While we were in London we had to the chance to visit the National Gallery for the new exhibit, Monet & Architecture. I had booked this exhibition online months in advance in case it had sold out and I am so glad I did! It was a truly amazing exhibition covering so much of the artist's work. We were not able to take photographs in the gallery so I will be using images I found online to show my favourite pieces of the exhibit. I have seen a few Monet exhibits so far and this one was very unique in its own right. It focused on an overlooked aspect of Monet's work and that was his focus of architecture in his paintings. He used architecture to enliven his art and show the effects of light and weather on buildings by painting en plein air (outside.) Below were some of my favourite paintings on exhibit. I hope you enjoy just a snippet of this exhibition, however, if you find yourself in London before the exhibition ends on July 29, 2018, I would highly recommend taking the time to visit.
Monet traveled a lot throughout his career to capture different cities throughout Europe. When he was visiting the Netherlands he was fascinated by the architecture, which can be seen in the image above. He wrote to his painter friend, Camille Pisarro that 'the houses in all sorts of colours, the hundreds of windmills and boats are ravishing.' In this painting above he pointed out the different shapes and style of the houses and how they reflect along the water. Monet once again uses light and reflections to give the viewer the perception of water in the foreground. I have been to Amsterdam before and his pieces that demonstrate the architecture there brought me back to the city immediately. Monet is able to capture a feeling through his painting and the gallery curated this wonderfully, transporting the viewers to the famous places Monet painted.
This piece took my breath away when I saw it. The colours Monet achieves makes you think of summer in the south of France, the heat and the beautiful sea. This work depicts the gorge d'Ally, one of the ravines leading down from Varengeville to the sea. Monet paints deep within the shadow of the gorge, Monet looked out towards the sunlit Channel. The artist still depicts architecture here, however, it is a little more hidden than some of his pieces throughout the exhibition. The customs' officers' cabin can be made out to the upper left, its pitched roof echoing the natural parapets of the enclosing slopes.
This image displays Monet's interest in different effects of light and weather, specifically snow here. When I first saw this piece in the exhibition I immediately felt what the artist was conveying. It felt cold and quiet just looking at a piece. This is one of the many reasons why I have always loved Monet's work because of how he is able to make the viewer feel by just looking at a painting. In this winter scene the artist paints his home village of Giverny with a mist that covers the frosty trees and frozen ground. Monet is able to create a unified surface of cold blues and lilacs through his brushstrokes. By including architecture here, the viewer is able to get a sense of both volume and human habitation.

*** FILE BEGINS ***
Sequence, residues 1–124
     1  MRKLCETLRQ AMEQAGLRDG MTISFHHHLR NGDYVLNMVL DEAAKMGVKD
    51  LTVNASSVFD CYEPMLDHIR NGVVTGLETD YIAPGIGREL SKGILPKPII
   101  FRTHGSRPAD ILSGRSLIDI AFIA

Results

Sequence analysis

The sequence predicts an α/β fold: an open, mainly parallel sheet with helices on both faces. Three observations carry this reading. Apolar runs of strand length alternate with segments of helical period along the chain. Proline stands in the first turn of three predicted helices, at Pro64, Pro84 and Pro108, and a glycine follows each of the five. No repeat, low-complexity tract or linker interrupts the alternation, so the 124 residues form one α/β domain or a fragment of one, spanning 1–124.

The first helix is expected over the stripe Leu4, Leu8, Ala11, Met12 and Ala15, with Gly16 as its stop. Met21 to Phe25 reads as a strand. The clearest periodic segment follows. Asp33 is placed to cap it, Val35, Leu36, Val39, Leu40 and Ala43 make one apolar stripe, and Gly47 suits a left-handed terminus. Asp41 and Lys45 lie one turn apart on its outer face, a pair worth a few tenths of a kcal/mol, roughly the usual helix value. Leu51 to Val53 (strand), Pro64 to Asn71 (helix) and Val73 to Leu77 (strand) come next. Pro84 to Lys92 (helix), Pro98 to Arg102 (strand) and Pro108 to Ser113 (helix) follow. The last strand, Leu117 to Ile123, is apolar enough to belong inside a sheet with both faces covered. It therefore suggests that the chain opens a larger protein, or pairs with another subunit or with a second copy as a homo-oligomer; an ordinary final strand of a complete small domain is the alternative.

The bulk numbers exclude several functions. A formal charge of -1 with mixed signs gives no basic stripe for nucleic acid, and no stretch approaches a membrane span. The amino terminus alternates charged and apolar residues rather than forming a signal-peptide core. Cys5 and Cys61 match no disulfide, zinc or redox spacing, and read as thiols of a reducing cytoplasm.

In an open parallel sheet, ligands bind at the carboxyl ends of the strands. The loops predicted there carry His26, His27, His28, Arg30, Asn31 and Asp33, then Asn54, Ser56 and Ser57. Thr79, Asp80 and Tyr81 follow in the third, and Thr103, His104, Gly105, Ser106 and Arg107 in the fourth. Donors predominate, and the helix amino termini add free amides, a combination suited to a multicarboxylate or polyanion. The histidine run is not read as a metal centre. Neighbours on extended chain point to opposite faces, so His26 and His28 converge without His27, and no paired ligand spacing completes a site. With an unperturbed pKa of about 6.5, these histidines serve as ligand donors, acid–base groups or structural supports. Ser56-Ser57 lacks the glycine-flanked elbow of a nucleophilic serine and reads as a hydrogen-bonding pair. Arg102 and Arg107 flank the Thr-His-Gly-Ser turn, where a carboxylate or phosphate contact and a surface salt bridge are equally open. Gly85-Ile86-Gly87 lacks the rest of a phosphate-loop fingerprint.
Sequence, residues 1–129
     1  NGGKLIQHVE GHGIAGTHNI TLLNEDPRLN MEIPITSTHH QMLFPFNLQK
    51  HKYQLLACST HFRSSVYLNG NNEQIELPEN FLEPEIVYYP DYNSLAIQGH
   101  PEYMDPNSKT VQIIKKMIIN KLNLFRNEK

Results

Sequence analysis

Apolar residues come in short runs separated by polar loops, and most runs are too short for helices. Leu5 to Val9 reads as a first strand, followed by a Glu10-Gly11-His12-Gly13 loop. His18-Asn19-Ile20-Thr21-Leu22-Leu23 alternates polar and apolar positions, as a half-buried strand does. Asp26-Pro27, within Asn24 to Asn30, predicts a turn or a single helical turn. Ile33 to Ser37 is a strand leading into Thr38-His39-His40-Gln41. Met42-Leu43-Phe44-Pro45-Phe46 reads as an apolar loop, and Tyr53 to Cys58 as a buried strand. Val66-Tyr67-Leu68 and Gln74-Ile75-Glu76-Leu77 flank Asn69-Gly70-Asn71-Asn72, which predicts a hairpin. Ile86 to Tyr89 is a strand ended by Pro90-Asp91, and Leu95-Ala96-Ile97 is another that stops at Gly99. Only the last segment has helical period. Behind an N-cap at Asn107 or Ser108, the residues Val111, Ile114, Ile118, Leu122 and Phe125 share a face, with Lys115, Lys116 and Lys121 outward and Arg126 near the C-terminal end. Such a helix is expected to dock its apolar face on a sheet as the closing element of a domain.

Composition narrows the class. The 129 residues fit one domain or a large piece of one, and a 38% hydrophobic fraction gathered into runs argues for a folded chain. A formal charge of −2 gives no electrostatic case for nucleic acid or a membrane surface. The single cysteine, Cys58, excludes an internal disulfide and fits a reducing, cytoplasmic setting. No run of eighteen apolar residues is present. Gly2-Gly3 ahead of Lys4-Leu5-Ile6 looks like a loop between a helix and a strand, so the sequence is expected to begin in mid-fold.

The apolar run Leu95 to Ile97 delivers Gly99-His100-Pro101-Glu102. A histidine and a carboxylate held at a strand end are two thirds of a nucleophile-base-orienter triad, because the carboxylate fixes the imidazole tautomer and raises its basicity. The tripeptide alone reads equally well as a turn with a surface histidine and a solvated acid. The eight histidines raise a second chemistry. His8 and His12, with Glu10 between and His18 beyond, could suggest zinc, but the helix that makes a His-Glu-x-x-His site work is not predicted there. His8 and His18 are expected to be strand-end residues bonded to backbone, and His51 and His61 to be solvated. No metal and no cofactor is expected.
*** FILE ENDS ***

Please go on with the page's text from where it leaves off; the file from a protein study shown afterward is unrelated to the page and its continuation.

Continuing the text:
This painting is one that I have studied over and over again at university and fell in love with when I first saw it. The movement Monet is able to capture in this piece is truly incredible. Monet depicts the moment when strong wintry sunlight divides the boulevard des Capucines in two. The leafless trees cover the architecture of the buildings opposite and manage to hold the light. The artist's viewpoint is from the balcony of the first studio where the first 'Impressionist' exhibition was held in 1874 and where this painting was exhibited.
One of the final rooms of the exhibition held five images of the same cathedral facade, Rouen Cathedral. This was by far my favourite room throughout the exhibit because of the way the gallery curated it. They hung all five paintings next to each other with benches in the centre of the room. If I could have taken a photo in any room it would have been this one, specifically of the people looking at the pieces. They were mesmerizing, not only in their large size but because of what Monet was able to capture in each individual canvas. The artist began painting these pieces in 1892 and returned to them again and again until about 1894. It was painted facing the frontal view of the facade. Monet was able to paint the cathedral with light from sunsets to sunrises. The artist painted the way the light danced on the cathedral different in each canvas. When hung together like they were in the gallery it was like you, the viewer, were able to see the sun rise and set through Monet's eyes. It was like nothing I had ever seen.
Although there were many more paintings, 77 to be exact, as well as a film, these were some of my favourites. I hope that you enjoyed a little glimpse into this magnificent exhibition and you're able to see some of the pieces face to face one day.